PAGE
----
Vintage Vegas: At home with Courtney Mooney and Josh Rogers
The local couple lives in historic digs with decor to match
Thu, Aug 4, 2011 (midnight)
Photo: Steve Marcus
Courtney Mooney and Josh Rogers have a deep love for vintage kitsch and design, so it’s really no surprise when they answer the door to their 1950s ranch-style home with cocktails in hand and retro lounge music playing from speakers near the Rock-Ola jukebox. Inside, a Heywood-Wakefield bamboo living room creates that ’50s indoor/outdoor theme. A vinyl composite tile floor, mirrored wall and a wall-length stone fireplace further enhance the ambiance. This is Vegas 60 years ago. No question.
The vintage life
Mooney, the historic preservation officer for the City of Las Vegas, has been collecting and preserving the past for years, starting in high school: “Growing up with parents really into antiques, my dad had a healthy distaste for anything modern or new. Even our toys were from the thrift store, so I’ve always appreciated things that have a history.
“I’m very emotionally attached to my stuff. A lot of it appeals to me for some nostalgic reason. I rarely let things go. Everything in my house is associated with something in my past, either visually or contextually. ”
Rogers, a restoration mechanic who works on vintage cars and motorcycles, is drawn to the look and quality of that bygone era: “In our day and age everything is made quick and cheap. It’s a Walmart world. With this you can sense the quality. You feel it. You see it.”
The still-functional 1950 jukebox, purchased from the owner of the now-closed Underground record store, has a vacuum tube amplifier and plays 45s. The selections are categorized into Waltzes and Polkas, Hit Tunes and Old Favorites.
Atomic-era design thrives in this swank home. Among the larger pieces of furniture—an eight-foot refurbished sofa and a Formica dining table—live the functional accessories: a Sputnik chandelier in the dining room, a floor-to-ceiling tension lamp in the living room and tiki objects. Snacks are piled on Blue Heaven dinner plates. Knickknacks and tableware fill a retro china cabinet with sliding glass doors. Restoration of the cigarette machine is in progress; the plan is to keep its front vending façade and use it for storage.
The shared work space includes a bulky steel office desk with matching chair. On one wall, Mooney displays a collection of band stickers from her punk-rock days, stuck to a stainless steel sheet. She stores papers and art in one of her favorite pieces—a wooden file cabinet from the Bureau of Reclamation. “I like to collect things that are Nevada native,” she says.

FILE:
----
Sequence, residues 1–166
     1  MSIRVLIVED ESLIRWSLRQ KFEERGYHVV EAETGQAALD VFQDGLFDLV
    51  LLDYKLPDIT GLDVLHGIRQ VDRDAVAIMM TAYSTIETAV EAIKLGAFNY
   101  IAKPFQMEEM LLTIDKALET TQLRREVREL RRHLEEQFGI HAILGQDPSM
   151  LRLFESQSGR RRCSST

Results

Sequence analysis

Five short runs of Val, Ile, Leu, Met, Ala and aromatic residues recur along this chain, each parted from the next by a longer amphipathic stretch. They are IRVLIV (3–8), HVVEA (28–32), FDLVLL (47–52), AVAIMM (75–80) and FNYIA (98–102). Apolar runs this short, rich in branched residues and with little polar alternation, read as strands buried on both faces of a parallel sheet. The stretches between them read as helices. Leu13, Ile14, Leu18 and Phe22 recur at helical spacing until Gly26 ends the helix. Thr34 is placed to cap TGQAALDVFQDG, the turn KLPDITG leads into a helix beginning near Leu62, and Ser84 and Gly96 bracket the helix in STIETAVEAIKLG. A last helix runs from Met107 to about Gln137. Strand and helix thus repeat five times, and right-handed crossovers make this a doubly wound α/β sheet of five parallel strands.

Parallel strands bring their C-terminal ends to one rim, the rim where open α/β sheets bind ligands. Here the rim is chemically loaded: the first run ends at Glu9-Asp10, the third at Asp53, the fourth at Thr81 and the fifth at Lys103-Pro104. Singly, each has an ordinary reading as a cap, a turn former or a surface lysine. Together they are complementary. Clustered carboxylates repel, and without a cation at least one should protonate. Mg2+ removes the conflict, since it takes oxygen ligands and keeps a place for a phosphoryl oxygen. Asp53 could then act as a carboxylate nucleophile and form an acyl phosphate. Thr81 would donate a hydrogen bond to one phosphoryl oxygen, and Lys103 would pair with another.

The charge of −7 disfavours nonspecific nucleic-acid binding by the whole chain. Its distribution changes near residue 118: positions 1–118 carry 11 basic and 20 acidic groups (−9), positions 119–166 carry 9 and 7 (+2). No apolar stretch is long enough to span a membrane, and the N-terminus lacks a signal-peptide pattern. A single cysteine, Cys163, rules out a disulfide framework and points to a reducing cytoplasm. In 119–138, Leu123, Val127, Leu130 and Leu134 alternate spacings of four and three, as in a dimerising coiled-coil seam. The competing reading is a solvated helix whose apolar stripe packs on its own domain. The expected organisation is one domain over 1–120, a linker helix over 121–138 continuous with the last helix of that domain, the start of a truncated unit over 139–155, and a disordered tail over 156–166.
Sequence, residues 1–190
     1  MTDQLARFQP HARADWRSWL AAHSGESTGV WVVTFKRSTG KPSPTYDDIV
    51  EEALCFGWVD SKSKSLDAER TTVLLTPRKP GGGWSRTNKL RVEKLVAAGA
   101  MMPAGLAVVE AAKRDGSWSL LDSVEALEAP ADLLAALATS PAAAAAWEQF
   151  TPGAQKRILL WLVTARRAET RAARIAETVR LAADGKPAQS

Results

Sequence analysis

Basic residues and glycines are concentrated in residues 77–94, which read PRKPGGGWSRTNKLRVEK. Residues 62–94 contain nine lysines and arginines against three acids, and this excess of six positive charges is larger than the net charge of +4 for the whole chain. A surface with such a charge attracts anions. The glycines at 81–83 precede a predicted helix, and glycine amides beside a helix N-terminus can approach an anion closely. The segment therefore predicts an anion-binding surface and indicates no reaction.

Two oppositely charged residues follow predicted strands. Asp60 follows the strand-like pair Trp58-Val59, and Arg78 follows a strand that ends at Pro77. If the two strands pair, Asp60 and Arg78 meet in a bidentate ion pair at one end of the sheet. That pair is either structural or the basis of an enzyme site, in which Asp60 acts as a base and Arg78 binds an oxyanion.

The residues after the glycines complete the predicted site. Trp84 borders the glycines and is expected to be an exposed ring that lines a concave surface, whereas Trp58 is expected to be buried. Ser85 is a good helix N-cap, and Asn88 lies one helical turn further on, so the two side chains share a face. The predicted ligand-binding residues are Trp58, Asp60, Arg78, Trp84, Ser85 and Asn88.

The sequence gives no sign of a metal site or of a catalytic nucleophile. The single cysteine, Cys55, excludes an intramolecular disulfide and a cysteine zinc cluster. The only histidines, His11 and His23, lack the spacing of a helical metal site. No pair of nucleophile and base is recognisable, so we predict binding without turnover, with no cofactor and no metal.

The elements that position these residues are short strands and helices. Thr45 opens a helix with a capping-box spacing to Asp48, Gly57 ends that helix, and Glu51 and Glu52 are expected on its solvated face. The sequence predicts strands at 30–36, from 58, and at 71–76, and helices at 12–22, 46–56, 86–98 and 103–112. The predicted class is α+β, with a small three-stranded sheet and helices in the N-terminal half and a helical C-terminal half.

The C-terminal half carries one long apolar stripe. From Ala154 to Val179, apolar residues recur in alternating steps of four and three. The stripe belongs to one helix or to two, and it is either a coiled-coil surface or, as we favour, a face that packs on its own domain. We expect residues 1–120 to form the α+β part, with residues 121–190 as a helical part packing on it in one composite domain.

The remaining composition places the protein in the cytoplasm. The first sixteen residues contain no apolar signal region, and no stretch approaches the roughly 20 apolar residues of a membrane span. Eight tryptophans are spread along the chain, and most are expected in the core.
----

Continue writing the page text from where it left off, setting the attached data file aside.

While the living room serves as a “ballroom” when entertaining—the furniture cleared away for dancing—the den is where Mooney and Rogers spend 99 percent of their time. A cozy, partially enclosed addition, the room houses a celery shag rug and taupe couch (reupholstered at Alex Rivas), which stretches across the back wall, painted robin’s egg blue. Together they create a color scheme that is “quintessential grandparent,” Mooney says.
Two-tiered end tables from Red Rooster flank the sofa, and a stack of blue vintage lockable suitcases complete the space. Filling the wall are framed music posters for bands Mooney saw in Las Vegas, Detroit Cobras and Thee Headcoats among them.
The acquisition process
Almost everything in the house came from eBay, thrift shops, antique stores, yard sales, friends or Craigslist.
“The Internet makes it easy,” says Rogers, who has a Craigslist notifier that alerts him to certain designers, manufacturers, parts and products. “I’m constantly watching for Heywood-Wakefield furniture. It’s a lot easier than in the day when all you had were estate sales.”
Mooney browses the Funk House and other stores from time to time, but mostly, she says, “A lot of our stuff just came to us. Somebody wants to get rid of something. We’re not that proactive. We just know what we want.”
Rogers adds, “It finds us. We’re really big on taking things that are not in the greatest shape and giving them love.”